On their first two albums, Red Red Meat built their signature sound by taking the blues, filtering it through their druggy post-punk sensibilities, and bending it into something that was all their own. But with 1995's Bunny Gets Paid, Red Red Meat began twisting their music into new shapes that were all but unrecognizable from the original source materials; one can find bits of rock and blues if they sift long enough through these shards of sound, but the final product is more of a descent into the maelstrom of lo-fi experimentalism. Bunny Gets Paid is a deliberately ramshackle set in which the guitars sound fractured and spare when they aren't roaring within an inch of their lives, the humming of the amps is transformed into an instrument, the keyboards buzz and squawk, primitive string charts rise and fall out of the mix, the rhythms manage to be lethargic and insistent at the same time, and the lyrics rarely make much literal sense but generate a palpable dread that suggests some glorious bum trip captured on tape. In hindsight, Bunny Gets Paid is the logical precursor to the music guitarist Tim Rutili, drummer Ben Massarella, and bassist Tim Hurley would later make with Califone (as well as the sort of soundscapes Brian Deck would construct as a producer), and there are some moments of freaked-out majesty to behold. But Bunny Gets Paid is a grand experiment, and like many experiments it isn't a complete success; many of these tracks tend to meander as they search for their sonic destination, and while the harder-hitting tracks like "Rosewood, Wax, Voltz and Glitter" and "Chain Chain" are more immediately exciting, they lack the sense of musical wanderlust that make "Gauze" or the title track compelling even when they get lost in the woods. Bunny Gets Paid was the first leg in a new creative journey for the members of Red Red Meat, and even if the places they would later go have proven more rewarding, there's enough adventure in this music to justify joining them for the trip.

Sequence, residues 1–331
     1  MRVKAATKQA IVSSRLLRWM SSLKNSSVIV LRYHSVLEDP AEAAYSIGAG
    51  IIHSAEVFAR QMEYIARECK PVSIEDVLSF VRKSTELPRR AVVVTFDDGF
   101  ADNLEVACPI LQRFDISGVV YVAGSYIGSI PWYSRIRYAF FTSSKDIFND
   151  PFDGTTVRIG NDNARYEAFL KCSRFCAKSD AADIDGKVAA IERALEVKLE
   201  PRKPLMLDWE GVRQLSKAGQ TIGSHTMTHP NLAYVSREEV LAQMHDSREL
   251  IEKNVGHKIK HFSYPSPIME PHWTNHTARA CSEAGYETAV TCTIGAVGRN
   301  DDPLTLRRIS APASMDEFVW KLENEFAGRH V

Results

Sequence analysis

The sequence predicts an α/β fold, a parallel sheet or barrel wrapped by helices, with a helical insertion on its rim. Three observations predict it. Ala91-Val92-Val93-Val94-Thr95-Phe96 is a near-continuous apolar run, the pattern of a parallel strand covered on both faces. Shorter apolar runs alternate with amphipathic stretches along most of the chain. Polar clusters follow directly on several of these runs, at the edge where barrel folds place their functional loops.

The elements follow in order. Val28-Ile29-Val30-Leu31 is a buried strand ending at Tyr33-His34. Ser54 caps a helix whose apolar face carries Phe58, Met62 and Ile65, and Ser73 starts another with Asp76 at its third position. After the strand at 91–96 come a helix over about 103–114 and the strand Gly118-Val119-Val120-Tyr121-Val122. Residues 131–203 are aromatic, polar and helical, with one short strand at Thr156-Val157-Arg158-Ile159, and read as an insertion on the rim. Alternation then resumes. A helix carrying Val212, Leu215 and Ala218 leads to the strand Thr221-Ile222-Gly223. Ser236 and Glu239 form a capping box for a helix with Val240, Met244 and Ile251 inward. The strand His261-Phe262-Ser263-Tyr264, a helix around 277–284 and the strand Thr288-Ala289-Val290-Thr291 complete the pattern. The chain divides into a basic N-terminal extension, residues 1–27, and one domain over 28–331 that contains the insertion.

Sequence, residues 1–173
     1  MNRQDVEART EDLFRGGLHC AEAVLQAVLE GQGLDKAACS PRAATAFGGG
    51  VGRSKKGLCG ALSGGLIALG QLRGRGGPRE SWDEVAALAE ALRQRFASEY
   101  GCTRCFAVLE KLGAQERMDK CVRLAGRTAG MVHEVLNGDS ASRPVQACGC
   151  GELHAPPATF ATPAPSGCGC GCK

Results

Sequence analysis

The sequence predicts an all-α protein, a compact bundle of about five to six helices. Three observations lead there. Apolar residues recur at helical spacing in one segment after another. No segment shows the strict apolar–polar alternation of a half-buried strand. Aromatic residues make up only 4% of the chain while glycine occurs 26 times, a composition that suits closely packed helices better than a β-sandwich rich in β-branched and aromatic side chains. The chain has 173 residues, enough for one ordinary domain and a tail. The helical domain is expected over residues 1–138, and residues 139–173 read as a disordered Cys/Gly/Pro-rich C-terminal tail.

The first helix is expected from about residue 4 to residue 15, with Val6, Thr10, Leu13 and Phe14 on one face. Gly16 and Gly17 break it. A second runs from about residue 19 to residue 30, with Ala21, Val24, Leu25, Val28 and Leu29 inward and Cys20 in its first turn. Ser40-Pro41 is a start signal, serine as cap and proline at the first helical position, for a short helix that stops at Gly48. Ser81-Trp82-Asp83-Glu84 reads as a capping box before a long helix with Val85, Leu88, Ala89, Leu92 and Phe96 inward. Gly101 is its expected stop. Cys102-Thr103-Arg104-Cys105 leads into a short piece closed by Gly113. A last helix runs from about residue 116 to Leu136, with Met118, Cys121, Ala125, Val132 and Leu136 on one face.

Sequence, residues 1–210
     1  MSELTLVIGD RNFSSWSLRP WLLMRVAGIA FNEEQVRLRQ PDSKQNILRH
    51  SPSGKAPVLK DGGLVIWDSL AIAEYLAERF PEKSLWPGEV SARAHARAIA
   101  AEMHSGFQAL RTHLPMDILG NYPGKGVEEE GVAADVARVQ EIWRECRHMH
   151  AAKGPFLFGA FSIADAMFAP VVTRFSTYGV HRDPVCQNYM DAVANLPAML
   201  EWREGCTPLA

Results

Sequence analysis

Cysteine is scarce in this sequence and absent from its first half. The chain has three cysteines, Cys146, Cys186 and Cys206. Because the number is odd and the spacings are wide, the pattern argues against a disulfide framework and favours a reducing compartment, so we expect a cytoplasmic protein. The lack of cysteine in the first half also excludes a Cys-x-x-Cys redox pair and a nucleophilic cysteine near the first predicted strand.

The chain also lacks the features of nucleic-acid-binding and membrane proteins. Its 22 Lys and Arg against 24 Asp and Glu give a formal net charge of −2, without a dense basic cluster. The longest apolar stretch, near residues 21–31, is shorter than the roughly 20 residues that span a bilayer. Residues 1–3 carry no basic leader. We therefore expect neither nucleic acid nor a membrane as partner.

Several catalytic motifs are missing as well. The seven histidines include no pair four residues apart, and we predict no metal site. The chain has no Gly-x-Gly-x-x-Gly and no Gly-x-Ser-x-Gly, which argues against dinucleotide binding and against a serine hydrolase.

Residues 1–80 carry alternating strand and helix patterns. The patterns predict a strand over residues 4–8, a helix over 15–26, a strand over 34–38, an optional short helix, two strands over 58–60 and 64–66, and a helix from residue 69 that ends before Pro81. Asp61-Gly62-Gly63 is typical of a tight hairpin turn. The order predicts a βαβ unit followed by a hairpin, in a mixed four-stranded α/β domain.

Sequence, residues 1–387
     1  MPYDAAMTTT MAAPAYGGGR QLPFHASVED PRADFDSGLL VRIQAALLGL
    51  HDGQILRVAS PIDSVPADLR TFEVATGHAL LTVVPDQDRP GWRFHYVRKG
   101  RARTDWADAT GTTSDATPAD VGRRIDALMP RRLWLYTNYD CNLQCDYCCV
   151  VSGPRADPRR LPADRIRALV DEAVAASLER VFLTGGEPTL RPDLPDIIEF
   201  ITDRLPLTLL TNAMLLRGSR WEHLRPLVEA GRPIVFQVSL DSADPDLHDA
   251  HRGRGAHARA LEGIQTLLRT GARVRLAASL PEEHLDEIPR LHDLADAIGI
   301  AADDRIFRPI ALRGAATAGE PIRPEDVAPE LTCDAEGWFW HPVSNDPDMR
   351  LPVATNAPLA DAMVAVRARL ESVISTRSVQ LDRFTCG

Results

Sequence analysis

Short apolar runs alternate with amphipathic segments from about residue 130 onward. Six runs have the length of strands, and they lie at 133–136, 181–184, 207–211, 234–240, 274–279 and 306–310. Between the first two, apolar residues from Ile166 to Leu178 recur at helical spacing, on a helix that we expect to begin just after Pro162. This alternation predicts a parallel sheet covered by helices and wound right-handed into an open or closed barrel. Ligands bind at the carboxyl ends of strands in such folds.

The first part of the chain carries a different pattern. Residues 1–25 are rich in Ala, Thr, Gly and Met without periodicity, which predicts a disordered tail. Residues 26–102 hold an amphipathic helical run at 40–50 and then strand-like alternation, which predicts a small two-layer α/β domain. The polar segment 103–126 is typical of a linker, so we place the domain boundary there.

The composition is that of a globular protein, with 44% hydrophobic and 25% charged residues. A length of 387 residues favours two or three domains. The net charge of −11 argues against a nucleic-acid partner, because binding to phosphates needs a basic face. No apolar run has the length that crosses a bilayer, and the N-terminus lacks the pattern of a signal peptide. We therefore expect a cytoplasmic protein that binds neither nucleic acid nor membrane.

Share this page
AllMusic Review by Mark Deming